• Capacity restrictions on most businesses (including restaurants, retailers, and personal care service businesses) are ending May 19. The businesses still have to leave space for social distancing.
    • Percentage capacity restrictions for state-defined large-scale outdoor event venues (like sports stadiums) are ending May 19. Those venues are only limited by six-foot social distancing requirements. Large outdoor event venues can also create sections reserved for fully vaccinated individuals where socially distanced seating between separate parties is not required.
    • Large indoor event venues (like sports stadiums) can operate at 30% capacity starting May 19. 
    • On May 19, the indoor social gathering limit is expanding from 100 to 250 people. The indoor residential gathering limit is increasing from 10 to 50 people on the same day. The 25-person outdoor residential gathering limit (for events like cookouts) is replaced by the 500-person outdoor social gathering limit. Commercial social events can exceed the 500-person outdoor and 250-person indoor limits if everyone has proof of vaccination or a recent negative test and social distancing is possible.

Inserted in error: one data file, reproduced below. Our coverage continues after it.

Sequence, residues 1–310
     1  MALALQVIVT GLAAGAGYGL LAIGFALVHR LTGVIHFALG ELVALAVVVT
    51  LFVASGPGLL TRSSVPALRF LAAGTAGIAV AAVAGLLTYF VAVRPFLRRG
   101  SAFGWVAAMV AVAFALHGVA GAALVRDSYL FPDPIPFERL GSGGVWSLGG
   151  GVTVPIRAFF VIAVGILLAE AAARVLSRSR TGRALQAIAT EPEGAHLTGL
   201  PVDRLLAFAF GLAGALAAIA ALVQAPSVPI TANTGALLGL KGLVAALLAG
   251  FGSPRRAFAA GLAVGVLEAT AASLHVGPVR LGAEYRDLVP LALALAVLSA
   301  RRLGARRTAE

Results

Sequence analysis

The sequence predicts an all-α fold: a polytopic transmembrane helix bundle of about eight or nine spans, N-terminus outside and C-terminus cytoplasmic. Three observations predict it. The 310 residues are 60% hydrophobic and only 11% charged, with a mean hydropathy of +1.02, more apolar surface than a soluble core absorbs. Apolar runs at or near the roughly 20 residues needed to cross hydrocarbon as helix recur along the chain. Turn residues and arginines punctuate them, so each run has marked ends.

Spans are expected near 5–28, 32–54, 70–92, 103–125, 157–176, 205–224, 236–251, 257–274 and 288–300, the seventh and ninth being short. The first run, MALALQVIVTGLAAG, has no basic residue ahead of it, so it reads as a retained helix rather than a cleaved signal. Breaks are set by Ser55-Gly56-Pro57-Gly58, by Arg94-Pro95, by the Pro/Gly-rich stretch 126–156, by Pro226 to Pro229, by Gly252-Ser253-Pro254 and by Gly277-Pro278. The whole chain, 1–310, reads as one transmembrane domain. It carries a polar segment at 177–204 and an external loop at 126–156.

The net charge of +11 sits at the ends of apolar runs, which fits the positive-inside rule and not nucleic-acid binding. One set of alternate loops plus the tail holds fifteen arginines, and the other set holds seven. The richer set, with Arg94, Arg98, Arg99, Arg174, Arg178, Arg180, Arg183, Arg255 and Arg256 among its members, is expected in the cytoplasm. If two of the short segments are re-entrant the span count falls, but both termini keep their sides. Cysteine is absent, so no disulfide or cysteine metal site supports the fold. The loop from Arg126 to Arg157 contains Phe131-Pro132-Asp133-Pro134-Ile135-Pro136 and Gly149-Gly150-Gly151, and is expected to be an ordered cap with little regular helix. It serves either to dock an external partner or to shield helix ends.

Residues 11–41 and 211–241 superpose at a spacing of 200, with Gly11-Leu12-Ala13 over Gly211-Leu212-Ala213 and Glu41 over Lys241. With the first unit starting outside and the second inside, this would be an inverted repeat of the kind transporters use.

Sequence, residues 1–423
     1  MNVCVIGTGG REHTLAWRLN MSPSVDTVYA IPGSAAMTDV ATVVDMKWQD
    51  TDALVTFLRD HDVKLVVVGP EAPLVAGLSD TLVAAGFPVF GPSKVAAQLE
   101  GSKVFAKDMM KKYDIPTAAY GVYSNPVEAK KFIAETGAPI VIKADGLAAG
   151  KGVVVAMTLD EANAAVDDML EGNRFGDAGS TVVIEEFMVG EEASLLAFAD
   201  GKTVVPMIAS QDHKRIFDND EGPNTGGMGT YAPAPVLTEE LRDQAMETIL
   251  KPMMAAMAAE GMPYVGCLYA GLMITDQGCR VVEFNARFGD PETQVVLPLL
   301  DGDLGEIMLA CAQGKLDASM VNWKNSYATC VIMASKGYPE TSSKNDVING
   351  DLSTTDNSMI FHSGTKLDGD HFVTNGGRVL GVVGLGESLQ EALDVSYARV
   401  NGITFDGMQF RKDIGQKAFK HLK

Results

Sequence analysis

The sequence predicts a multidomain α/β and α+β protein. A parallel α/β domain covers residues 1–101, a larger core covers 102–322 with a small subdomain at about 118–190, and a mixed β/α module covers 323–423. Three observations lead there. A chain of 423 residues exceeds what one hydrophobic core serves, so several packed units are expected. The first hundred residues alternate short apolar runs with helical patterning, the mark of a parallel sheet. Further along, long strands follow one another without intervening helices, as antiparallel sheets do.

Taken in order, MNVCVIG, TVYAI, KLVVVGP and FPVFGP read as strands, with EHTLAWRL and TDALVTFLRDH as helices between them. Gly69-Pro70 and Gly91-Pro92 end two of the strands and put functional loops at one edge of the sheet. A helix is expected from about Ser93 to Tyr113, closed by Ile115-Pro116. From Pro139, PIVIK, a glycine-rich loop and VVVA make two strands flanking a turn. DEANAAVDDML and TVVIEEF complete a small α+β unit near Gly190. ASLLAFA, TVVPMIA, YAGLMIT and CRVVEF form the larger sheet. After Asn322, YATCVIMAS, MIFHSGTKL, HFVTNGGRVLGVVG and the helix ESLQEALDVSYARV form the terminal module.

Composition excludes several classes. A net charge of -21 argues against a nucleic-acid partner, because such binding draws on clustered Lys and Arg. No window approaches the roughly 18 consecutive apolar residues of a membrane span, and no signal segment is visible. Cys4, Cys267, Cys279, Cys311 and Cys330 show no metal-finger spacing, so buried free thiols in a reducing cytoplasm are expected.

• Texas (Republican trifecta): On Tuesday, May 18, Gov. Greg Abbott (R) signed an order prohibiting local governments and public schools from issuing mask mandates. The order exempts prisons, state-run hospitals, and state-supported living centers. The order goes into effect May 21 for local governments. Public schools can continue their mask policies until June 4.
  • Washington (Democratic trifecta): On Tuesday, May 18, the state Department of Health moved four counties from Phase 2 of reopening to Phase 3, meaning that all Washington counties are now in Phase 3. Under Phase 3, outdoor gatherings are limited to 50 people, while indoor gatherings are limited to 10. Businesses like retail stores and bars and restaurants can operate at 50% capacity.  

This time last year: Wednesday, May 20, 2020

The first case of COVID-19 in the U.S. was confirmed on Jan. 21, 2020. But it wasn’t until March when the novel coronavirus upended life for most Americans. Throughout March and April, many states issued stay-at-home orders, closed schools, restricted travel, and changed election dates. Many of those policies remain in place today. Each week, we’ll look back at some of the defining policy responses of the early coronavirus pandemic.

Here’s what happened this time last year. To see a list of all policy changes in each category, click the links below.

Wednesday, May 20, 2020:

  • Stay-at-home orders:
    • Connecticut Gov. Ned Lamont (D) allowed the statewide stay-at-home order to expire, beginning the first phase of a four-phase reopening plan. The first phase allowed some businesses—like offices and retail stores—to reopen with restrictions. 
  • Election changes:
    • Lamont issued an executive order extending absentee voting eligibility to any registered voter in the August 11 primary if there is no “federally approved and widely available vaccine for prevention of COVID-19” at the time he or she requests an absentee ballot.